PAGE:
Frozen lichen samples (0.5 g) were mixed with methanol (1 mL) and 300 mg of 0.5-mm glass beads (Scientific Industries, Bohemia, NY, USA). These samples were homogenised three times at 6.5 m/s for 20 s and once for 30 s (FastPrep-24TM 5G Instrument, MP Biomedicals, Solon, OH, USA) with 5-min incubation on ice between runs. The samples were centrifuged at 10,000× g for 5 min at 4 °C. Methanol extracts were filtered using 0.2 µm pore size syringe filters (Phenomenex, Torrance, CA, USA) and a 1 mL syringe. Filtered extracts were kept in vials (Phenomenex, Torrance, CA, USA) and stored at −20 °C until mass spectrometry analysis. Lichen samples (7–16 mg of material) kept at room temperature were mixed with 1 mL of acetone and 300 mg of glass beads and homogenised three times at 6.0 m/s for 40 s (FastPrep-24TM 5G Instrument, MP Biomedicals, Solon, OH, USA) with 5 min incubation on ice between the runs. Samples kept at room temperature (L1-0.007 g, L2-0.016 g, L3-0.013, L4-0.07, L34-0.008, L35-0.014) and frozen (L1-0.063 g, L2-0.161 g, L3-0.054, L4-0.048, L34-0.03, L35-0.03) were also extracted using acetone to compare with the methanol extraction. The extraction was performed as described above using methanol.
An Acquity Ultra Performance Liquid Chromatography (UPLC) system (Waters, Milford, MA, USA) coupled with a Kinetex® 1.7 µm C8 100 Å, LC Column 50 × 2.1 mm (Phenomenex) was used to analyse the lichen extracts (0.5 μL). The run in the UPLC consisted of flow rate 0.3 mL min−1 at 40 °C in the following gradient mode: solvent A was 0.1% formic acid diluted in water, while solvent B was 0.1% formic acid in an even mixture of acetonitrile and isopropanol (1:1). The run started from a linear gradient of 95% solvent A and 5% of solvent B and in 5 min the gradient finished to 100% solvent B (0% solvent A) [62]. A UV–VIS diode-array detector identified the separation of the compounds and a Waters Synapt G2- Si mass spectrometer (Waters, Milford, MA, USA) recorded the mass spectra information. Positive and negative resolution modes in the electrospray ionisation (ESI) were used and precursor ions from m/z 100 to 2000 (scan time of 0.1 s) and product ions from m/z 50 to 2000 (scan time of 0.2 s) were recorded [62]. Other setup conditions consisted of capillary voltage of 1.5 kV in positive and 2.0 kV in negative ionisations; source temperature 120 °C while desolvation occurred at 600 °C; sampling cone 40.0; source offset 80.0; desolvation gas flow 1000 L h−1; and nebuliser gas pressure 6.5 bar [62]. Leucine–encephalin was used as an internal reference while sodium formate and Ultramark 1621 were used for calibration of the mass detection [62].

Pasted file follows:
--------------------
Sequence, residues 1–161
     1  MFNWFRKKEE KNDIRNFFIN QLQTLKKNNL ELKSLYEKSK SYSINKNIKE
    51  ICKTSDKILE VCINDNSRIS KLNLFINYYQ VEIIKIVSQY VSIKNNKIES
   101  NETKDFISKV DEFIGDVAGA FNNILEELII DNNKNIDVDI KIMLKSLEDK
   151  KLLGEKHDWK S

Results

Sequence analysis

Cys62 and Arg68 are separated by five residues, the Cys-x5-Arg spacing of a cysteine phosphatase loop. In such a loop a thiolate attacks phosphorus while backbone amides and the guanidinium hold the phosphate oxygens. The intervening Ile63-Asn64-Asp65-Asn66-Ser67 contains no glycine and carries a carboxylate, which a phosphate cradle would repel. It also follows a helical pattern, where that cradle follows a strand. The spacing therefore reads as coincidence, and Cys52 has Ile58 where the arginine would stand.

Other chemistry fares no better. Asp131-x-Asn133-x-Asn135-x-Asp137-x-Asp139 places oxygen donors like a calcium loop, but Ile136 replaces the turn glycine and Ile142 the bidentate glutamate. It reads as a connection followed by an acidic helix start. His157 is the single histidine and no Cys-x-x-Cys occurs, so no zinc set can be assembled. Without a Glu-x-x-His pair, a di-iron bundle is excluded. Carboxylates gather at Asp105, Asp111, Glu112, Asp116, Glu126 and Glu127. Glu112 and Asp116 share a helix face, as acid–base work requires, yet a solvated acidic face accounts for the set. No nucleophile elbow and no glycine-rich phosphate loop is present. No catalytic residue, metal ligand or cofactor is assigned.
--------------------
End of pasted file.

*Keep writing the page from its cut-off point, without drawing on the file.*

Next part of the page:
The analysis of the fungal compounds was performed using the UNIFI scientific information system (Waters, Milford, MA, USA). Positive and negative adducts (MH+, MNa+, and MH) were compared against a library of 373 lichen-related compounds (List 2 in the Supplementary Materials) [63] and SciFinder chemistry database (, accessed on 18 May 2020). The total ion chromatogram (TIC) and ultraviolet–visible light (210–800 nm) absorbance spectra chromatograms were also manually inspected to ensure that all major peaks were identified. Commercial references of usnic acid (Cayman Chemical Company, Ann Arbor, MI, USA) and atranorin (Carbosynth Ltd., Compton, United Kingdom) were dissolved in acetone to a final concentration of 0.1 mg mL−1. Atranorin was already fragmented in the ion source; therefore, fragment ions m/z 179.03389 (C9H7O4+) and m/z 163.04007 (C9H7O3) were used for identification. Identification of perlatoric acid [64], rangiformic acid [65], and 4-O-methylolivetoric acid [66] were confirmed in reference to data presented in the cited publications.

3. Results

3.1. Biological Diversity within Cladonia Thalli